In The Desert
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Anza Borrego State Park
To get to the Vallecito Stage Coach Station County Park you have to get to S-2, which is for the most part the old Butterfield Overland Mail and Stage Route. You can catch the eastern end of S-2 at the Ocotillo off-ramp off I-8, or the western end at Scissors Crossing off 78, or at the true end near Warner Springs off 79. The station operated for a scant three years between 1858 to 1861, but pioneers have lived in or around this structure for a hundred and fifty years.
Author - Dave Taylor
Normally, we don't camp at campgrounds. In the Anza-Borrego Desert State Park, you've got thousands of acres that you can camp for free, no neighbors, and with the sense of true wilderness adventure. Vallecito Stagecoach Station is a San Diego County Park, and it ain't cheap, $24 a day. What it has is fresh running water, fire rings, picnic tables, shade under honey mesquite trees, the old stage coach station, a playground, a cemetery right inside the camping area, the Lady in White, The phantom stage coach, the Legend of the White Horse, The Ghostly Orbs of Oriflamme Mountain, and Buck and Randal. Not to mention, another County Park down the way, Agua Caliente, with warm and hot springs.
We arrived Friday, right in the middle of a Red Flag Warning, no campfires, so we went to bed shortly after dark. We were in our sleeping bags, when the kids had me tell them ghost stories, so naturally, I told the story of the Lady in White of Vallecito. They wanted to get up and go look for her. Here is Kellian and Nicholas, looking.
The lady in white is supposed to pace impatiently here in front of the Station, waiting for the next coach to take her to her One True Love.
And so the twins wait as well.
The Lady in White and the story of Buck and Randal -- both ghosts residing at the Stage coach station -- can be found in the Writer's Cafe -- HERE
Next morning. The Vallecito Stage Coach Station, looking south-southwest. As early as 1949 Lassiter is said to have operated a campground for gold seekers and pioneers pushing through this lower route to California, so the term 'campground' isn't just a designation at Vallecito, but a historic perspective. What makes the actual building unique is that its not adobe, but sod cut from the cienaga that marks the area. The original building was operated in one form or another into the twentieth century. It fell into disrepair, but then restored in 1934 with every intent of it being a campground, as it is today.
At Agua Caliente, Day Use starts at 10:00 am, and we were the first car to pull up. Marshal South wrote an article back in 1947, Healing Waters at Agua Caliente, and he talked about how the waters possess recuperative powers, and that the odd little community that had formed there seemed also to possess a spirit that defied simple explanation.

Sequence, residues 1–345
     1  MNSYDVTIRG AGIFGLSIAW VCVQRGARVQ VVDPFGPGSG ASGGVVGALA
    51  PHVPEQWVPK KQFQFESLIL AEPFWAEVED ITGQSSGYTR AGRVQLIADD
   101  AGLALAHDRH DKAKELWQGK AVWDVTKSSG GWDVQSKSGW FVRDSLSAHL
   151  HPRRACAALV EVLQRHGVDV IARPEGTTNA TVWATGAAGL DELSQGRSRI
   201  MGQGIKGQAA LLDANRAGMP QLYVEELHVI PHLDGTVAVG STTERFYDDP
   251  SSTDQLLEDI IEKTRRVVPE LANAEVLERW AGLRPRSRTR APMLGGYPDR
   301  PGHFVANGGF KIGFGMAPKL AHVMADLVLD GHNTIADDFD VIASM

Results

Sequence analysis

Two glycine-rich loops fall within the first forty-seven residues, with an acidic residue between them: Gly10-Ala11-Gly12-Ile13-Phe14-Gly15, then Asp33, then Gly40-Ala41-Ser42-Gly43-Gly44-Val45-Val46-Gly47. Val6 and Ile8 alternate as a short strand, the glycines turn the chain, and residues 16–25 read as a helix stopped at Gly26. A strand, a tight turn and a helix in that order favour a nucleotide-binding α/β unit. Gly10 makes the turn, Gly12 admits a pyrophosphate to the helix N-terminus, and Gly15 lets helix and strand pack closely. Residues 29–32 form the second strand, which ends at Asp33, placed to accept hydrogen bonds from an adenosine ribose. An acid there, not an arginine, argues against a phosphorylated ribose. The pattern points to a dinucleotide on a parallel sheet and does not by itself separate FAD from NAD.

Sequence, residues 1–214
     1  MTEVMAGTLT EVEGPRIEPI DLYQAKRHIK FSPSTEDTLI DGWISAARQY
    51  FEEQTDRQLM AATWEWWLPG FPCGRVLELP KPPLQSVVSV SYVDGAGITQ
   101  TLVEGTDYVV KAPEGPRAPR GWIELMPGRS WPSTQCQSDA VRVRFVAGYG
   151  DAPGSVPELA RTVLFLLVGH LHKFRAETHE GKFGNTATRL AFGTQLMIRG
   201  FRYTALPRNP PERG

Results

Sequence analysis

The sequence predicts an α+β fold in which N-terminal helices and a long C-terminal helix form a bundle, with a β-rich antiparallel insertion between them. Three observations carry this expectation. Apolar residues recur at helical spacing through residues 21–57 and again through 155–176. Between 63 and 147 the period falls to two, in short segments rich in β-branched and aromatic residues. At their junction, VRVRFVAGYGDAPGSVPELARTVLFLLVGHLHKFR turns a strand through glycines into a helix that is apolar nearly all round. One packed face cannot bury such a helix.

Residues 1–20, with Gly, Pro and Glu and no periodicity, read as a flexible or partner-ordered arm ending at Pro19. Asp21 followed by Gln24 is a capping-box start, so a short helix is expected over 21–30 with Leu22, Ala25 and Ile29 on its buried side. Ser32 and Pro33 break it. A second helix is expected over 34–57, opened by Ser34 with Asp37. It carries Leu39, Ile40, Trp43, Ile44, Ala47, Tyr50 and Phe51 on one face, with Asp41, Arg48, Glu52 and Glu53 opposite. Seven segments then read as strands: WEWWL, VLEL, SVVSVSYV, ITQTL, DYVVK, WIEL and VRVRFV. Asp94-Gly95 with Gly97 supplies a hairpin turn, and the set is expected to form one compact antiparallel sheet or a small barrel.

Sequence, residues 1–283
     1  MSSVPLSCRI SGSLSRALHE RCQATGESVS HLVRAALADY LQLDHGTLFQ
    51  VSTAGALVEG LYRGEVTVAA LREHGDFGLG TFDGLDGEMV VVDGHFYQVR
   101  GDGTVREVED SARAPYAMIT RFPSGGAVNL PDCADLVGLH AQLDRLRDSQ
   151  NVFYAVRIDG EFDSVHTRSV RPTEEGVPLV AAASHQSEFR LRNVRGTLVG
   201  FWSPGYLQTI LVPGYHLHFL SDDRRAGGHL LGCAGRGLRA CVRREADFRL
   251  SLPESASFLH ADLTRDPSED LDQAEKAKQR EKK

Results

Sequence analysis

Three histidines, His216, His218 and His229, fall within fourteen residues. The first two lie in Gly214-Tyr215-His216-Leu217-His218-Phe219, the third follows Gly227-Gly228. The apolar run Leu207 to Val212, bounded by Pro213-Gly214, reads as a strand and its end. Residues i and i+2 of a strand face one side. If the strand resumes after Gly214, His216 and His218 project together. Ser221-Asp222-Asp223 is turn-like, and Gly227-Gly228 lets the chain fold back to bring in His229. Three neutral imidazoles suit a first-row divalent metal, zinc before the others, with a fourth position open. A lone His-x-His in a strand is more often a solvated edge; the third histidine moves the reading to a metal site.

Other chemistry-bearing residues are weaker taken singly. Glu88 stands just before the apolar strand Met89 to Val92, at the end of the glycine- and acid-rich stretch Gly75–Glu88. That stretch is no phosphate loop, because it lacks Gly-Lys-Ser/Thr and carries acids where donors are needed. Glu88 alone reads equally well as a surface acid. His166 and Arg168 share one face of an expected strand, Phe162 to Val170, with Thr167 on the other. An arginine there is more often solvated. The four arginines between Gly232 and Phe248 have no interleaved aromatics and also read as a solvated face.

Remember, this is a County Park, and for five dollars per car, you can use the pool, the children's wading pool, and this gorgeous spa until 5pm. The water in the spa is heated from its natural 90 degrees to 120 degrees Fahrenheit, 48.88 degrees Celsius. Children under 56 inches, 1.42 meters, are not allowed in this spa, so I couldn't slow-cook the twins. Bummer.
The Children's Wading Pool. The wading pool is a naturally occurring 90 degrees Fahrenheit, 32.22 Celcius
Outside of the spa building is a veranda overlooking the campground and Carrizo Valley.
And waited -----
In the background is the outdoor pool that is not hot, although its certainly as warm as any heated pool you might find. You can tent camp at Agua Caliente for a mere $24 a day, $29 for your RV. This campsite is a little closer to the populated areas than I'd want, but you can get much further out. Be warned, though, the tent sites 106 through 109 appear to be flooded, and this just before they close the facility down for the Summer, when you'd expect everything to be at its driest. (Agua Caliente closes between June 1st through September 1st. Check with the San Diego County Parks and Recreation
Department, www.sdparks.org , for more details and reservations) I spoke to Bonnie the volunteer at the entrance and Mark Stockdale, a park ranger, and they've been getting hit with a swarm of earthquakes. Bonnie implied it seemed like a whole lot more water is seeping out since these quakes started, so be forewarned, 106 through 109
Kellian and Nick find some volcanic-looking mounds at Agua Caliente.
From up here you can see the Park, looking north and east. The visitors today, I'm sure, are not so odd or Bohemian as Marshall South's time, but still, the guests at this immaculately maintained county park did seem to lack any pretensions. There are permanent residences at the park, RVs and mobile homes with porches and landscaping. I'd like to know the story behind those.
Continued --- Page 2
Desert Wanderer -- Amateur Historian
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The water source has been important since pre-history, when the Indians camped here. In 1861 roughly twenty of the local Indians lived at what they called Hawi, and in 1874 Father Ubach counted a hundred Dieguenos as he called them, living in traditional style along the edges of this swamp. Captain Fages camped at Vallecito in 1761, General Kearney and Kit Carson in 1846. In 1851 James Lassiter built what we know at the Station, and ran it while the coaches rolled. Indeed, well into the 1980's I remember seeing crops, onions, I think, being grown behind the park. That would be the Vallecito/Hawi Ranch, which recently became apart of the Anza-Borrego Desert State Park.